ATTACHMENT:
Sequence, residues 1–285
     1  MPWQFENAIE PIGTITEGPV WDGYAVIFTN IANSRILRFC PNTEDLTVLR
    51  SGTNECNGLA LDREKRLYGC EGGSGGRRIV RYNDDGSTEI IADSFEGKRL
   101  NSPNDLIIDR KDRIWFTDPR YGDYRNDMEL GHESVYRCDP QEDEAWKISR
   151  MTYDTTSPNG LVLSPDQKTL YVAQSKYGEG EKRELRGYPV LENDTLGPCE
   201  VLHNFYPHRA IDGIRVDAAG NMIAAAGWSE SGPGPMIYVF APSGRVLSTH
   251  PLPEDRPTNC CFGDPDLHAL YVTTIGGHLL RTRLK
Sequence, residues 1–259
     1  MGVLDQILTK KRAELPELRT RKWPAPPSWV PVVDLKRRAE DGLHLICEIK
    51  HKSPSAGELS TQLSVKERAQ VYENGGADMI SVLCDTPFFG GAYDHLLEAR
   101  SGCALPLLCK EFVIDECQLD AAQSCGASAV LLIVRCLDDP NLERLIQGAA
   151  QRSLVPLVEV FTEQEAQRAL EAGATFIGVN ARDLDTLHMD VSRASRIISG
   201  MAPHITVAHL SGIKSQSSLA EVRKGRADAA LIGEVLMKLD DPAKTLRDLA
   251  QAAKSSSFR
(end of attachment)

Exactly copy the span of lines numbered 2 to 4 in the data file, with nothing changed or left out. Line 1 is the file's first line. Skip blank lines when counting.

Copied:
     1  MPWQFENAIE PIGTITEGPV WDGYAVIFTN IANSRILRFC PNTEDLTVLR
    51  SGTNECNGLA LDREKRLYGC EGGSGGRRIV RYNDDGSTEI IADSFEGKRL
   101  NSPNDLIIDR KDRIWFTDPR YGDYRNDMEL GHESVYRCDP QEDEAWKISR